************ Sermon on Hebrews 8:7-13 ************

By: Rev. Adrian Dieleman

This sermon was preached on May 8, 2016

Hebrews 8:7-13
"A New Covenant"

When he was 5 or 6, one of our boys picked out the Christmas present he wanted from a Christian catalog we got in the mail. What caught his eye and imagination was the "Armor of God." After we ordered it, he cut the picture out of the catalog. He would carry it around. He would look at it before he went to sleep. He dreamt of wearing the armor and slaying demons and dragons and all the forces of evil.

Christmas came and he eagerly tore off the wrapping paper and opened the box. The "Armor of God" was a bust. The sword of the Spirit was a flimsy plastic thing. The breastplate of righteousness was thin and fragile. The belt of truth was a skinny rope. The helmet of salvation barely squeezed on his head. We felt bad when he ignored the real thing and went back to the picture and his dreams and imagination.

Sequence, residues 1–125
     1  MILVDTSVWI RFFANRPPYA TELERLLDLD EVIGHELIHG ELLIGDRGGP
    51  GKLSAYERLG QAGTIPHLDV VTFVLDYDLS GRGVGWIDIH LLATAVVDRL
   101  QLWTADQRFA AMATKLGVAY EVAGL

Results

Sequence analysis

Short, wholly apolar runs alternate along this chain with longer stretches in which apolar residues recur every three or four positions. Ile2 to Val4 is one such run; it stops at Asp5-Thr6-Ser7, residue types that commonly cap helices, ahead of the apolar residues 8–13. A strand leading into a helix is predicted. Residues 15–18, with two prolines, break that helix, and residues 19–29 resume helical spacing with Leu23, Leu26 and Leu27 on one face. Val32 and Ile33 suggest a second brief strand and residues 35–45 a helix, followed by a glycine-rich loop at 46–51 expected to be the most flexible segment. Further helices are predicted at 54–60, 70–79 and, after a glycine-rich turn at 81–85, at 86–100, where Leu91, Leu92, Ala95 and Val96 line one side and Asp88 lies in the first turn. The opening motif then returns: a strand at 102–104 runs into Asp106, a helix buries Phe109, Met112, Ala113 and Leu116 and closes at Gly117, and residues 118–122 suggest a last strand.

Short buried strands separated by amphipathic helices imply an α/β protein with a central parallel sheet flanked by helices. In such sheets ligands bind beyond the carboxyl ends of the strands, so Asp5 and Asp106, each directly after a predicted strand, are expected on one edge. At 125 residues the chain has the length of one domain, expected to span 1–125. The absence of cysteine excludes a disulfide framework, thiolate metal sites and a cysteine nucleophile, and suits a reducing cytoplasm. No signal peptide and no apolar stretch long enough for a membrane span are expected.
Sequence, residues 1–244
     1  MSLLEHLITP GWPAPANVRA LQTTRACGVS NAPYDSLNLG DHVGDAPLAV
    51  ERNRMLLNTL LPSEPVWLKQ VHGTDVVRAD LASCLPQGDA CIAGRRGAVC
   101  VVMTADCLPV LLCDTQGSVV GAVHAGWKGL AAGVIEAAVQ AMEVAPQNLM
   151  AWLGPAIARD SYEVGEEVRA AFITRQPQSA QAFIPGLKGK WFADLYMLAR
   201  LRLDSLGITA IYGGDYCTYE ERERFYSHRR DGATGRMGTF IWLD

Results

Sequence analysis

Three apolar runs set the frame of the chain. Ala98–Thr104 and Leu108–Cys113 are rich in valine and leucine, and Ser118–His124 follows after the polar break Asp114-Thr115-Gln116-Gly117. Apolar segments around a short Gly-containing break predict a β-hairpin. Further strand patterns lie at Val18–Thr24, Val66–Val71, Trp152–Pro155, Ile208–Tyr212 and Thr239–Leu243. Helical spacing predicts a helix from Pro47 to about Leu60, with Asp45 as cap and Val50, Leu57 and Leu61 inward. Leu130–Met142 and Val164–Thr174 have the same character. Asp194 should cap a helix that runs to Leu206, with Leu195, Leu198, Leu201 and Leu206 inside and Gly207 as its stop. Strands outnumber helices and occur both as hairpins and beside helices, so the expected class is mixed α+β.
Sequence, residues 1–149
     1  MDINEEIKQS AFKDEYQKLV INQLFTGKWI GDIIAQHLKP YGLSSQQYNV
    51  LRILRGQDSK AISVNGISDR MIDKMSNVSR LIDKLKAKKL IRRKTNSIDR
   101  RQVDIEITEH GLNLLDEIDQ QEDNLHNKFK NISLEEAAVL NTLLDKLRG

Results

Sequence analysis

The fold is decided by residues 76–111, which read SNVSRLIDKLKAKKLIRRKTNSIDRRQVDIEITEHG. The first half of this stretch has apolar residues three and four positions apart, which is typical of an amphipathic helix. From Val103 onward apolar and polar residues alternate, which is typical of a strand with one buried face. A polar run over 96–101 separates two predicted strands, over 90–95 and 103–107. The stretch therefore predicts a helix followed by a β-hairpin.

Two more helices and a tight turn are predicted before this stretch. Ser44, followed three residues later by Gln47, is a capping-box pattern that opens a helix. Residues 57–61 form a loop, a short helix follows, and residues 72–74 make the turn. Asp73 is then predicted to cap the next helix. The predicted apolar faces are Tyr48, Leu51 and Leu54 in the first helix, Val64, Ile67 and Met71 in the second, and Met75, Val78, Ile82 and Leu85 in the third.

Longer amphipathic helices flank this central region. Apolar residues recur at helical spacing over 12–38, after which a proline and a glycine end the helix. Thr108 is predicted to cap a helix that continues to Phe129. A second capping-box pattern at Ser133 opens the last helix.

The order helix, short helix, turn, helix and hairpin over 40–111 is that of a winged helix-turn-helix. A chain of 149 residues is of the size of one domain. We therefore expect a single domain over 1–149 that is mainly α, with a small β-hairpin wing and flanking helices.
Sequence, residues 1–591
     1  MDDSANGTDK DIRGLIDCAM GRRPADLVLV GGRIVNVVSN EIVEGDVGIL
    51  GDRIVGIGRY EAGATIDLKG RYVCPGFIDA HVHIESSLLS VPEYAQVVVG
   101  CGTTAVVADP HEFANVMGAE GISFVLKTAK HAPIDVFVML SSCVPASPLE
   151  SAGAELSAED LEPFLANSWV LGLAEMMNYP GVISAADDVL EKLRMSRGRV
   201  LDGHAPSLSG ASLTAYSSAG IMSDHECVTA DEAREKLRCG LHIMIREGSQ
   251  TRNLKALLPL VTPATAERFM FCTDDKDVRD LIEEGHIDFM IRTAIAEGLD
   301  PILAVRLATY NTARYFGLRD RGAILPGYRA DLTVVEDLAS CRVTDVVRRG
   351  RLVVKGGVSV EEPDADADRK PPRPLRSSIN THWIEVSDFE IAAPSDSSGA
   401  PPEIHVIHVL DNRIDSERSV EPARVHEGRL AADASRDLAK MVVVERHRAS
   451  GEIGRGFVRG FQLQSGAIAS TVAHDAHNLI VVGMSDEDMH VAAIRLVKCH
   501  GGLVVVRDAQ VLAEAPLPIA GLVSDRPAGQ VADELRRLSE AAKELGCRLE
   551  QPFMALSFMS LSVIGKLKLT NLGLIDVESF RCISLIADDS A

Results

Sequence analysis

The Hebrew Christians were in danger of doing something similar. They were in danger of ignoring the real thing and going back to what Hebrews calls shadows and copies.

I The Jewish Religion
A I don't know whether you realized this or not, but as we've been going through Hebrews we've been looking at the different parts of the Jewish religion. We looked at the prophets through whom God spoke at many times and in various ways. We looked at God's mighty angels. We looked at Moses. We looked at the generation that perished in the wilderness because they tested and tried the Lord. We looked at the Sabbath-rest of the promised land. We looked at Joshua. We looked at Aaron the high priest. We looked at that mysterious figure by the name of Melchizedek. We looked at the sacrifices and offerings of the priests. We looked at the tabernacle and temple.

Do you remember what Hebrews has told us about everyone of these elements of the Jewish religion? NOT. They are nothing next to Jesus. They are copies and shadows. They are of little importance next to Jesus. Jesus is better, greater, superior to all of these.